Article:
Royal Family’s Security may be Compromised in Court as of Prince Harry’s Judicial Review
PRINCE HARRY’s judicial review over his security arrangements may expose details about the security structure of the Royal family, a news report has claimed.
If the Duke of Sussex’s bid for a judicial review of his police protection is successful, the previously undisclosed security details could be heard in court for the first time. Details about royal security were previously considered so delicate that they were never discussed in public by the police, Home Office, or palace.
The 37-year-old royal member is requesting a judicial review of a Home Office decision regarding his security arrangements.
He claims he should be able to pay for specialist Met Police officers to protect his family.
A spokesman for the Home Office told The Telegraph: “It is our long-standing policy not to provide detailed information on those arrangements.
“To do so could compromise their integrity and affect individuals’ security.”
A spokeswoman for the Duke said he “remains willing to cover the cost of security”, but added: “As is widely known, others who have left public office and have an inherent threat risk receive police protection at no cost to them.”
The Duke believes the private security they employ in the US would not be able to “necessary police protection needed whilst in the UK” leaving his family “unable” to visit.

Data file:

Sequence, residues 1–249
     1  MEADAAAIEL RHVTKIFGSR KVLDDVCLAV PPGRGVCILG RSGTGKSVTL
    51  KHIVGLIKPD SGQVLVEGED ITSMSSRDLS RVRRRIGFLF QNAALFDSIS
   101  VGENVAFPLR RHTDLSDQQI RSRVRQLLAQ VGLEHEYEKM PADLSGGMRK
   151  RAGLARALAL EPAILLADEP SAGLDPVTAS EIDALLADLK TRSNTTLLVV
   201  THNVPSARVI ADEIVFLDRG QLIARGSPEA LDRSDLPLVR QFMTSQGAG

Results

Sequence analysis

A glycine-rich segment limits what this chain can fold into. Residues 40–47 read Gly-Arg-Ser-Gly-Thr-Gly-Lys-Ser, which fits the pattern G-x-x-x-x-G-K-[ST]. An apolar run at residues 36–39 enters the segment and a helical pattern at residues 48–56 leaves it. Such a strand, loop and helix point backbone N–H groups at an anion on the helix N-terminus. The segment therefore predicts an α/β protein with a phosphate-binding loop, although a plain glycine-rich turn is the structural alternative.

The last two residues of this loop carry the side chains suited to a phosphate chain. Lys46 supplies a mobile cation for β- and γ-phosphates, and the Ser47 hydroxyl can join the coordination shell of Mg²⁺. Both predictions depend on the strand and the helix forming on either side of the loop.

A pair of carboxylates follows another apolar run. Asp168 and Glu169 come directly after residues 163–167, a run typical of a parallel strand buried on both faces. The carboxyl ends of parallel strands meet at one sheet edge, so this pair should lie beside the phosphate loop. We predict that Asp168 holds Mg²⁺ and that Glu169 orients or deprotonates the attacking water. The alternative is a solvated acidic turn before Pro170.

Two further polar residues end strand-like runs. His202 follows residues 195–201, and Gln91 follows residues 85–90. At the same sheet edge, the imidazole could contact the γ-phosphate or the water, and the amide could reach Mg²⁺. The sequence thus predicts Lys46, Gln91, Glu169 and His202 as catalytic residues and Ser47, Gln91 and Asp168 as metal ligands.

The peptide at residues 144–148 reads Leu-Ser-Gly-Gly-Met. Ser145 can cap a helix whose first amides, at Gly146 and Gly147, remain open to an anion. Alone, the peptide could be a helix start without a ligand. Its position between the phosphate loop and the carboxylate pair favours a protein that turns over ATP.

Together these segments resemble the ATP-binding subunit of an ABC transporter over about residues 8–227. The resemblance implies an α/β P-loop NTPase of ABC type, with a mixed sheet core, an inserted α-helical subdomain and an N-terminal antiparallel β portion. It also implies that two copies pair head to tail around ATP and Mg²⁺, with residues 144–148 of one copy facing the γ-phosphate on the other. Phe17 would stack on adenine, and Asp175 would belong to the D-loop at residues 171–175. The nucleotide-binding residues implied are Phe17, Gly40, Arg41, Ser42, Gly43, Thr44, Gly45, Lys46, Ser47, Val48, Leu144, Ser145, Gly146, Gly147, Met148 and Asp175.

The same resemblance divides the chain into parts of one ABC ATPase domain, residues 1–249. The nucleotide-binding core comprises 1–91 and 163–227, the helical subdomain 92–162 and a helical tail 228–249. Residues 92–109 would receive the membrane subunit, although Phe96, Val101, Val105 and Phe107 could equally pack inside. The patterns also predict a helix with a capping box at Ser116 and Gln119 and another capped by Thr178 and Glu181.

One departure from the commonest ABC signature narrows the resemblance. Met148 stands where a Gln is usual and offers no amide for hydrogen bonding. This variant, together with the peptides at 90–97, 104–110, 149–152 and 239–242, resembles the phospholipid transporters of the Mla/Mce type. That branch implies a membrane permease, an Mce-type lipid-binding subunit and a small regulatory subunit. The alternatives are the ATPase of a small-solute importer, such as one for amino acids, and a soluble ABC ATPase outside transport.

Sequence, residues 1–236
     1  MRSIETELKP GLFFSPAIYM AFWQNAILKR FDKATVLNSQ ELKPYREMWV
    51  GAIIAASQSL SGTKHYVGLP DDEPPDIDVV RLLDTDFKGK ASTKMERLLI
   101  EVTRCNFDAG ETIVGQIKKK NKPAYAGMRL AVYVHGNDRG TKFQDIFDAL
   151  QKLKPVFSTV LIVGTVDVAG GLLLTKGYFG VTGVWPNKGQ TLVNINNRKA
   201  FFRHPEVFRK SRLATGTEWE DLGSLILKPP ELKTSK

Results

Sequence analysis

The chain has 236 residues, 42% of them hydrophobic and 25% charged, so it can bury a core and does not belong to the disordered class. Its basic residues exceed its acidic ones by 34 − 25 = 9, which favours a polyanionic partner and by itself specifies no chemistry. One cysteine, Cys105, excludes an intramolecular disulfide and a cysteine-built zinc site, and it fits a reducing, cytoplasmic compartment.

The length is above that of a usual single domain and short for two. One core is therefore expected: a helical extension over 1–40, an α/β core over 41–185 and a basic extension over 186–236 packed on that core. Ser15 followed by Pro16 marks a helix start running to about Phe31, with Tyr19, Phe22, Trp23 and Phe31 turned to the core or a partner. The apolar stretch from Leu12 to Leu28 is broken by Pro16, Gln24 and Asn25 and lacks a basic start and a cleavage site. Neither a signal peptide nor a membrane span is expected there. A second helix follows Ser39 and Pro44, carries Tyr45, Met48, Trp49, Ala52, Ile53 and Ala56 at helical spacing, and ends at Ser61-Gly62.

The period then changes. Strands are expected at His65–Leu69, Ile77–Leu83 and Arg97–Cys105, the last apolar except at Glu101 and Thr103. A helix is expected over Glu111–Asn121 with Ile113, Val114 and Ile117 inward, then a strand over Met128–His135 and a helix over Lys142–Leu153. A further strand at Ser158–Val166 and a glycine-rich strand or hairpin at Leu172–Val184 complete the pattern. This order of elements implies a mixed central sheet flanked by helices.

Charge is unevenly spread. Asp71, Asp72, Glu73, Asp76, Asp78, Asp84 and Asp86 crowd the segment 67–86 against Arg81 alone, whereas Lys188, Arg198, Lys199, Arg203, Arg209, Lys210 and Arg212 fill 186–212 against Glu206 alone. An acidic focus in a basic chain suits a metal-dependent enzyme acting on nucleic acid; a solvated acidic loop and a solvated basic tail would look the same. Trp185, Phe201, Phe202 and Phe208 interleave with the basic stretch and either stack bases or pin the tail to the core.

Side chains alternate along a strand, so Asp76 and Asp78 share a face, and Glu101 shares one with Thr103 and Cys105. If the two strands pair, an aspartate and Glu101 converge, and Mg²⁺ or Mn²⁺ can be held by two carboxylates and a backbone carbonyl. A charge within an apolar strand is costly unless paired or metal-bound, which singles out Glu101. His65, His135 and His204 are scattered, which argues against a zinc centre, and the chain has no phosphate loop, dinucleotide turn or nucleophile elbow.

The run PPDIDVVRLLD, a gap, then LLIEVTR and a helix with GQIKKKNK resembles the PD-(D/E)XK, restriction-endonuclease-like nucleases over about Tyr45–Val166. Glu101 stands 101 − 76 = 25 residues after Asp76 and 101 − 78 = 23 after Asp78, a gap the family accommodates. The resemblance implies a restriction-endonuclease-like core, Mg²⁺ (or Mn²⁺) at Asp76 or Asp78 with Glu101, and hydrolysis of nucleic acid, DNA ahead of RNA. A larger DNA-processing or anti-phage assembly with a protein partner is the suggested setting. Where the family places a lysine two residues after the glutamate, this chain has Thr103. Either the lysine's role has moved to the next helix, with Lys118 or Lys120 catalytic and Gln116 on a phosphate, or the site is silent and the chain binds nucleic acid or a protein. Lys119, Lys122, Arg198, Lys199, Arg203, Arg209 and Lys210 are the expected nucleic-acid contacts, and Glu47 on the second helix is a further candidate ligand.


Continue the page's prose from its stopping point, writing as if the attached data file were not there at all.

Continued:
The Duke of Sussex, who lives in the United States, claims that his private security team lacks adequate international jurisdiction.
After stepping down from royal duties in 2020, he lost his taxpayer-funded police security.
Prince Harry has stated that he wishes to visit his country with his family but must “ensure” their safety.
The request for a judicial review, which is a challenge in the High Court to a decision made by a public body or government department, stems from a security incident in London in July 2021 in which the duke’s car was pursued by photographers as he left a charity event.
“Prince Harry inherited a security risk at birth, for life,” according to a statement.
“He remains sixth in line to the throne, served two tours of combat duty in Afghanistan, and in recent years his family has been subjected to well-documented neo-Nazi and extremist threats.
“The UK will always be Prince Harry’s home and a country he wants his wife and children to be safe in. With the lack of police protection, comes too great a personal risk.
A government spokesperson said the UK’s “protective security system is rigorous and proportionate”.
They added: “It is our long-standing policy not to provide detailed information on those arrangements. To do so could compromise their integrity and affect individuals’ security.”